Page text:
Lowkey with Mohammed Yahya and Nat­ive Sun, and Ebsil­Jaz, KOKO, Lon­don, 24 June

Lowkey, lead­ing light of the UK hip hop scene and refugee rights act­iv­ist, is sup­por­ted by Mozam­bi­que born, Lon­don-based rap­per Mohammed Yahya and Nat­ive Sun and presents a new col­lab­or­a­tion with Palestini­an rap duo Ebsil­Jaz.

Sounds for Syr­ia, Con­way Hall, Lon­don, 23 June
Twen­ti­eth-cen­tury Syr­i­an clas­sics per­formed by The Lon­don Syr­i­an Ensemble, some of the Dam­as­cus Conservatoire’s finest musi­cians

These Walls Must Fall – Cel­eb­ra­tion of Res­ist­ance, Friends House, Lon­don 23 June  

An even­ing of spoken word and music fea­tur­ing Poet­ic Pil­grim­age, JJ Bola, the Nawi Col­lect­ive and Selina Nwu­lu

The Travels of Song, St Mary’s Church, Brighton, 17 June

The Travels of Song explores both the itin­er­ancy and uni­ver­sal­ity of music, where a tune com­posed in one coun­try could end up adop­ted by another, some­times far away, and the com­pos­i­tions of musi­cians in exile. Peter Phil­lips and Richard Der­ing had to leave Eliza­beth­an England because of their reli­gion; Paul Hindemith left Ger­many in 1938 to avoid more trouble with the Nazis. The pro­gram­me also includes two songs writ­ten by detain­ees of Yarl’s Wood immig­ra­tion deten­tion centre.

LIT­ER­AT­URE

The Dis­placed: Mar­ina Lewycka and Dina Nay­eri in con­ver­sa­tion, Foyles, Char­ring Cross Rd, 19 June

Women’s Prize short­l­is­ted author of A Short His­tory of Tract­ors in Ukrain­i­an, Mar­ina Lewycka and award-win­ning writer of Refuge, Dina Nay­eri explore their first-hand exper­i­ences of grow­ing up as refugees in Europe and the USA. Lewycka and Nay­eri are con­trib­ut­ors to the new antho­logy The Dis­placed, a col­lec­tion of essays by refugee writers on refugee lives, edited by Pulitzer Prize win­ner Viet Thanh Nguy­en.

Boy 87: talk with author Ele Foun­tain, Water­stones, Not­ting­ham, 16 June

Author and edit­or, Ele Foun­tain saw first-hand the heart-break­ing effects of the ‘refugee crisis’ whil­st liv­ing in Ethiopia with her young fam­ily, and was com­pelled to write her new book for chil­dren, Boy 87.

FILM

Brit­ish Film Insti­tute, 14–21 June  

A diverse pro­gram­me of films and dis­cus­sions, includ­ing ‘The Foreigner’s Home’, a pro­voc­at­ive med­it­a­tion on humanity’s old­est divi­sions based around Toni Morrison’s artist­ic and intel­lec­tu­al vis­ion, and ‘Through Our Eyes’ fol­lowed by Q&A with BAF­TA-win­ning dir­ect­or Samir Mehan­ovic.

INSTALL­A­TIONS & WORK­SHOPS 

Pieces of the PEACE – install­a­tion by Esna Su at Sara­bande Found­a­tion, Lon­don, 21–23 June

An install­a­tion of hand-woven sculp­tures brought into the space fol­low­ing artist Esna Su’s per­form­ance ‘When the Nest Falls’ on 20 June. The pieces include the ‘Pieces of the PEACE’ car­pet, inlaid with 3,700 Swarovski crys­tals, rep­res­ent­ing the dis­tance (km) between Lon­don and Alep­po and form­ing one of the 6 Arab­ic let­ters of ‘al-salam’ (peace). Each crys­tal will be inset manu­ally by 65 women and women dur­ing a work­shop on 16 June, indic­at­ive of the num­ber of Syr­i­an cit­ies. This ini­ti­at­ive aims to facil­it­ate and cel­eb­rate the col­lab­or­at­ive pro­cess of cre­ation, mend­ing and reflec­tion.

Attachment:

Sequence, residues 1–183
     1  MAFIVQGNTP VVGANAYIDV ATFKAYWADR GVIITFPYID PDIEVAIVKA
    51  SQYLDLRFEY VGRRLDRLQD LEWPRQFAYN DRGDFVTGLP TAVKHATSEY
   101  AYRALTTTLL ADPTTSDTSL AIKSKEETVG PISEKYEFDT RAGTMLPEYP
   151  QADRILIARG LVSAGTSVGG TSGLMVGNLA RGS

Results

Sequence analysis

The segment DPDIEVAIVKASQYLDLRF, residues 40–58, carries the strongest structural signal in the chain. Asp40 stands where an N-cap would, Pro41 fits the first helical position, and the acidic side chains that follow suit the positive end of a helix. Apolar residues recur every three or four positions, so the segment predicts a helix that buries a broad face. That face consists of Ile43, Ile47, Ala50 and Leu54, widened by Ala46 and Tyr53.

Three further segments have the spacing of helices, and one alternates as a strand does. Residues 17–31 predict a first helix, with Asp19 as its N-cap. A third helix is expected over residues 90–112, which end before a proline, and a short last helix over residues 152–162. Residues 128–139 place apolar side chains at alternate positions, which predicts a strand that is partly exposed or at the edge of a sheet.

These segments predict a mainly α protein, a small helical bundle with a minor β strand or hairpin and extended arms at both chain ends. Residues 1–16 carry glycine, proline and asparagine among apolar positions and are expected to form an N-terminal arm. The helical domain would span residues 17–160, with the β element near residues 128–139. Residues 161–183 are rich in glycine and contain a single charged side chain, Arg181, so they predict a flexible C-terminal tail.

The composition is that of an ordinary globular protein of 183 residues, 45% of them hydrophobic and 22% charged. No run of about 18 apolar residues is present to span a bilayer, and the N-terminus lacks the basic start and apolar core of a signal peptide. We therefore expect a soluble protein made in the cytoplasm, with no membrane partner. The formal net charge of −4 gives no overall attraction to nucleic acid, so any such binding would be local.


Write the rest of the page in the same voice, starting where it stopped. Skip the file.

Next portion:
Esna Su grew up close to the Syr­i­an bor­der in Tur­key. Her prac­tice has been greatly informed by these ori­gins and also by tech­niques handed down through gen­er­a­tions of her fam­ily.

Tak­ing Root, East­side Pro­jects, Birm­ing­ham, 23 June

A hands-on fam­ily work­shop to make and launch ves­sels car­ry­ing plants which will ger­min­ate and grow along Birmingham’s canals, becom­ing a remind­er of com­munit­ies who travel in search of safety

Warth Mills Intern­ment Camp Pro­ject ‘pop up’, Mill Gate Shop­ping Centre, Bury, 18 — 24 June

Art and Design stu­dents from Bury Col­lege explore the story of Warth Mills Intern­ment Camp in this exhib­i­tion, inspired by interned Ger­man artists and the ter­rible con­di­tions the men had to endure

Dorking’s First ‘See­ing Eye-to-Eye’ Exper­i­ment, Dork­ing Museum and Her­it­age Centre, 23 June

Vis­it­ors to the museum will be invited to help build com­munity and foster con­nec­tion by shar­ing one minute of eye con­tact with a stranger

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Rishma Dhaliwal

Rishma Dhaliwal

Edit­or / PR Con­sult­ant at No Bounds
Rish­ma Dhali­wal has extens­ive exper­i­ence study­ing and work­ing in the music and media industry. Hav­ing writ­ten a thes­is on how Hip Hop acts as a social move­ment, she has spent years research­ing and con­nect­ing with artists who use the art form as a tool for bring­ing a voice to the voice­less. Cur­rently work­ing in TV, Rish­ma brings her PR and media know­ledge to I am Hip Hop and oth­er pro­jects by No Bounds.

About Rishma Dhaliwal

Rishma Dhaliwal
Rishma Dhaliwal has extensive experience studying and working in the music and media industry. Having written a thesis on how Hip Hop acts as a social movement, she has spent years researching and connecting with artists who use the art form as a tool for bringing a voice to the voiceless. Currently working in TV, Rishma brings her PR and media knowledge to I am Hip Hop and other projects by No Bounds.